A cookie for the kaffir lime lover

January 21, 2011 | By | Comments (6)

In among the usual wintry produce, like cabbage, in the Sunset garden, we have a little citrus bonanza going on. In addition to oranges, grapefruit, and Meyer lemons, there’s a kaffir lime tree. If you don’t know kaffir lime (also known as ‘Kieffer‘ and makrut lime), it’s a super-aromatic citrus similar to lime but with a wild, pine-like, almost resinous edge. You’ve probably tried the leaves in Thai cooking. It turns out kaffir lime zest is amazing in cookies.


Typical two-lobed kaffir lime leaves, with the lime itself beneath

Ben Spungin, pastry chef at Marinus Restaurant at Bernardus Lodge in Carmel Valley, California, shared the recipe for these crisp butter cookies with me. He flavors them with kaffir lime zest (so aromatic that everyone who walked through the test kitchen while I was baking said “wow! citrus!”) plus anise seeds. The seeds give them a delicate crunch and underscore that pine-like flavor.


Bumpy-skinned kaffir limes, ready to be zested

Sometimes Ben gets his kaffir limes from the chef and culinary director at Bernardus, Cal Stamenov, who grows citrus as a hobby. Here’s a story about Cal and some of his exotic citrus recipes.

If you don’t have access to kaffir limes, you can give the recipe a try with regular limes. Not as exotic, but still a treat.

Kaffir lime and anise cookies


From Ben Spungin, pastry chef at Bernardus Lodge in Carmel Valley, California.


1/2 cup unsalted butter, softened

1 cup granulated sugar

1/2 tsp. vanilla extract

1 large egg

1 tbsp. anise seeds

Zest of 2 kaffir limes

1/4 tsp. salt

1 1/2 tsp. baking powder

1 3/4 cups flour


Zest of 1 kaffir lime

1 1/3 cups powdered sugar

2 tbsp. kaffir lime juice (add a little water if you don’t have quite enough juice)

1. Make cookies: Beat butter, granulated sugar, and vanilla in the bowl of a mixer until very smooth. Add egg, anise, and kaffir lime zest and beat until incorporated. Blend in salt and baking powder, then gradually blend in flour on low speed until smooth.

2. Divide dough in half, shape each into a disk, wrap airtight, and freeze until firm enough to roll, about 30 minutes. Meanwhile, line baking sheets with parchment paper and preheat oven to 300°.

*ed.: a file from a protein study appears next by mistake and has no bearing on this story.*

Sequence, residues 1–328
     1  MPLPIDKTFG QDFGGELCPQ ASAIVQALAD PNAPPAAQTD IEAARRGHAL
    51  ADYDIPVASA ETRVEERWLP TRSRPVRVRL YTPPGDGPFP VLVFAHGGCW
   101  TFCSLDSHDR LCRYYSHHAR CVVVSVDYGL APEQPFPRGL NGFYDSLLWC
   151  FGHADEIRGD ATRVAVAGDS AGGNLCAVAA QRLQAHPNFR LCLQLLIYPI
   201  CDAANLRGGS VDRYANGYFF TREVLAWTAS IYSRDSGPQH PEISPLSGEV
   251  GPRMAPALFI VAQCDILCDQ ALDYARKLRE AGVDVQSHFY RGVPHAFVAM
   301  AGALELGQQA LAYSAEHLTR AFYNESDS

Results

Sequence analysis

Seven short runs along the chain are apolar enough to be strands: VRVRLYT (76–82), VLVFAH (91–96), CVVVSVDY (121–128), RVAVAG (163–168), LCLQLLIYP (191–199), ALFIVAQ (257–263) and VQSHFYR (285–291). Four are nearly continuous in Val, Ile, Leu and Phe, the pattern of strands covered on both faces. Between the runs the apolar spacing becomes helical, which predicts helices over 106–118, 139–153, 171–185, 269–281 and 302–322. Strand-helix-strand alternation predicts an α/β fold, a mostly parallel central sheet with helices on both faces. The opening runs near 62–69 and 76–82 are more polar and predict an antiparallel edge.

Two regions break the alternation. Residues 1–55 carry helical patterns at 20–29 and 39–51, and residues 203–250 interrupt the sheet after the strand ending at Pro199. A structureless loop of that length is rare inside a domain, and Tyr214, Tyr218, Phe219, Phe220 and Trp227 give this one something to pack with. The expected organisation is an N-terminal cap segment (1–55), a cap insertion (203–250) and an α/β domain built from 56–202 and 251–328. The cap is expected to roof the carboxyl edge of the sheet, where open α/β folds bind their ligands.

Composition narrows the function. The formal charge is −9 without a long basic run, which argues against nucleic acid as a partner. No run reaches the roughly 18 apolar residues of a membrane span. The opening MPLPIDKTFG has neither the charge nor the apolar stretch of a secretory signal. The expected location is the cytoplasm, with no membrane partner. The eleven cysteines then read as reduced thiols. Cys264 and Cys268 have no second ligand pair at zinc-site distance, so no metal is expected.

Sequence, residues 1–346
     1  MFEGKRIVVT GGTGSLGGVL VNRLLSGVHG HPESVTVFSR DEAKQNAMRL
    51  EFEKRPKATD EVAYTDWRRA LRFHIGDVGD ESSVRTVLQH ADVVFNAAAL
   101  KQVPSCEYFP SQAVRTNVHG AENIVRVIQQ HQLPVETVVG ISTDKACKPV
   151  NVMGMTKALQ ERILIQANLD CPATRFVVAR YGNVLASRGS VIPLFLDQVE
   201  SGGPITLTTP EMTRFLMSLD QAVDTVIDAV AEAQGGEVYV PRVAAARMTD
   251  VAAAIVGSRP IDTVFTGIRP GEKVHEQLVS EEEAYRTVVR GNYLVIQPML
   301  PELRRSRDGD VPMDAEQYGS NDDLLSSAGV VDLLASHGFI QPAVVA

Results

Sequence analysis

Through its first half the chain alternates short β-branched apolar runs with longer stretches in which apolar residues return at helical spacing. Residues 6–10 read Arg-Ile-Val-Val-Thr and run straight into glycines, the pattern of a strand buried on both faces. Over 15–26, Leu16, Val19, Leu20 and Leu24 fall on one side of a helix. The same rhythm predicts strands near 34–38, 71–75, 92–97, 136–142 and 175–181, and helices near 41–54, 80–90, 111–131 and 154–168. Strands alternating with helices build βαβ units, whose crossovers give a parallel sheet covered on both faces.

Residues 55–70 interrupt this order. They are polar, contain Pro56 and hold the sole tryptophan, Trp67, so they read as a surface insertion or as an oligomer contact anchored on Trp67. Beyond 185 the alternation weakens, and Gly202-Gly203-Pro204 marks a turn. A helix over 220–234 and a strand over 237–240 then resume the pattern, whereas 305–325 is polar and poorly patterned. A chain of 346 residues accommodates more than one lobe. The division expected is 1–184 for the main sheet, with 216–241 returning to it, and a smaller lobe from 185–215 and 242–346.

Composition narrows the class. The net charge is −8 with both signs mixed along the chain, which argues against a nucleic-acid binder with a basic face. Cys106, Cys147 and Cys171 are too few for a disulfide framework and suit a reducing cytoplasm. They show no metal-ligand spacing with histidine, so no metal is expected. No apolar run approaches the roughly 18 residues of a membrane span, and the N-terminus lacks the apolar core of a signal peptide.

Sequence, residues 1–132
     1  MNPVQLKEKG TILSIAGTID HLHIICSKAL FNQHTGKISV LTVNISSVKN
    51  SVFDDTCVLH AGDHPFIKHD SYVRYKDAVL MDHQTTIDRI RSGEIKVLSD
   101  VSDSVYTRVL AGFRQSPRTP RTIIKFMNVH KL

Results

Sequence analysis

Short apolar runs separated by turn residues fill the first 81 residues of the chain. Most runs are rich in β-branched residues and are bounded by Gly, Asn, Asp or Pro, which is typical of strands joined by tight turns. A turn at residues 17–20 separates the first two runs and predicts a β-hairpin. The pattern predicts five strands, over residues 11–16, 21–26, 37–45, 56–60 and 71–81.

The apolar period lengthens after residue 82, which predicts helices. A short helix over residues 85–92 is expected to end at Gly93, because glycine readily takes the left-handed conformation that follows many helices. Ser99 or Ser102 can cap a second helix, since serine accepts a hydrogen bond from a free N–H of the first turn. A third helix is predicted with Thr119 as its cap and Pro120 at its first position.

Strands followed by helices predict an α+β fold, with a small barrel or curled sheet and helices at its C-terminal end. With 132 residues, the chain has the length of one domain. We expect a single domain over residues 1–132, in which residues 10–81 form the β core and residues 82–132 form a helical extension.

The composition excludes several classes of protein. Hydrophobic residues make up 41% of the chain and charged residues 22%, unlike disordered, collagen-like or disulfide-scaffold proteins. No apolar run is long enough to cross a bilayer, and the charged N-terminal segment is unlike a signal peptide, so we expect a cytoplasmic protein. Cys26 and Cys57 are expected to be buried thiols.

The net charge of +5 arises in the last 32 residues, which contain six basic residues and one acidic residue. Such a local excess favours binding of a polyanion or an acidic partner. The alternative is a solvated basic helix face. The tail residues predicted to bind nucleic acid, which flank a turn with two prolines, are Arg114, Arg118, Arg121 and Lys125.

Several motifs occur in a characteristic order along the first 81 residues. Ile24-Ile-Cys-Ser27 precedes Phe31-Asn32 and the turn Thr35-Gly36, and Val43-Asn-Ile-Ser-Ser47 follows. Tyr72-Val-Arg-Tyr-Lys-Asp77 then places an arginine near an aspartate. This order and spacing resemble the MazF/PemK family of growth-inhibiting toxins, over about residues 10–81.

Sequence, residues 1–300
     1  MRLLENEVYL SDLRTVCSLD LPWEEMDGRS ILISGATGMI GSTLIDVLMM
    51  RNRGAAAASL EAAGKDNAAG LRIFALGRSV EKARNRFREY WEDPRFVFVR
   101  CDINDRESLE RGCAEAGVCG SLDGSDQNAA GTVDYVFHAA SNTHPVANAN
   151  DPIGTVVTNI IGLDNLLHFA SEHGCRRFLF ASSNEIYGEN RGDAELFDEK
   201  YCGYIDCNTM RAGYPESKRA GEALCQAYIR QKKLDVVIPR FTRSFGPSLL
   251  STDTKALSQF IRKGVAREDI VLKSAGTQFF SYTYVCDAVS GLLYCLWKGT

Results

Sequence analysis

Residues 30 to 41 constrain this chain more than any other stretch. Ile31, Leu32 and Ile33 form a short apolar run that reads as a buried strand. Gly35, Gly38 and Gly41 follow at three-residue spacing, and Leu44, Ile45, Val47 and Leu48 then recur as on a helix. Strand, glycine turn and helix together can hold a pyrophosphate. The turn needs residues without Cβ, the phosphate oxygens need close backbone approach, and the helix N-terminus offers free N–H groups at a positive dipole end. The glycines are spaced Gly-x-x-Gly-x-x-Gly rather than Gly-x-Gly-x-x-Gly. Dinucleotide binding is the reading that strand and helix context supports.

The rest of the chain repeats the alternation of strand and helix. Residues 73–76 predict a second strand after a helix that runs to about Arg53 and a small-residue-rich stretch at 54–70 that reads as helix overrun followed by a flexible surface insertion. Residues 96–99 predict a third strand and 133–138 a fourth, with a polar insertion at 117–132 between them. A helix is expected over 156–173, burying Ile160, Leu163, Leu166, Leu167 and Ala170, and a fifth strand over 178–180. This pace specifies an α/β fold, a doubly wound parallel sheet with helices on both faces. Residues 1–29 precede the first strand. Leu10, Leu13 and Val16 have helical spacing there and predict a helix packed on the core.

3. Roll each dough disk on a work surface between 2 sheets of parchment paper until 1/8 in. thick. As you work, flip the parchment packet over every so often and reposition the paper if needed to eliminate any wrinkles. Cut dough with floured 3-in. cookie cutters, slide a small metal spatula underneath each cutout, and transfer to the lined baking sheets. If dough gets too soft to cut neatly, return it briefly to the freezer. Re-roll scraps as needed.

4. Bake until cookies are golden, about 20 minutes, switching pan positions halfway through baking. Transfer cookies to racks and let cool.

5. Make icing: Stir kaffir lime zest, powdered sugar, and lime juice in a bowl until smooth. Spread over cookies with a small metal spatula.


A plate of kaffir lime and anise cookies


  1. Dawn Pillsbury


    Keffir grows very well in containers. I’ve had mine in a terra cotta pot for at least five years and it’s going strong – always putting on new growth and fruiting every winter. I like how the pot keeps the root graft nearer to eye level so I can rub off the sucker growth before it gets out of hand.

    October 17, 2013 at 12:19 pm
  2. John

    I had a bumper crop of kaffir limes this year so I tried these. They were fantastic. I also shared them with some friends who love thai food and they were also thrilled.

    September 13, 2012 at 1:52 pm
  3. Elaine Johnson

    Meg, sure, give it a go with the dried leaves in the sugar. You’d probably want to use fresh regular lime zest too.

    January 21, 2011 at 10:08 pm
  4. Meg

    These sound amazing. All I have access to is dried kaffir lime leaves. They are very fragrant – would letting them sit in the sugar for a day or so give the cookies some of that wonderful flavor?

    January 21, 2011 at 9:15 pm
  5. Elaine Johnson

    Hi, Mike. Yes, our kaffir lime at Sunset is in a pot. With any citrus in a container, you just need to be sure to fertilize it regularly and keep it well watered.

    January 21, 2011 at 4:31 pm
  6. MIke Lieberman

    Is it possible to grow these in containers?

    January 21, 2011 at 4:10 pm

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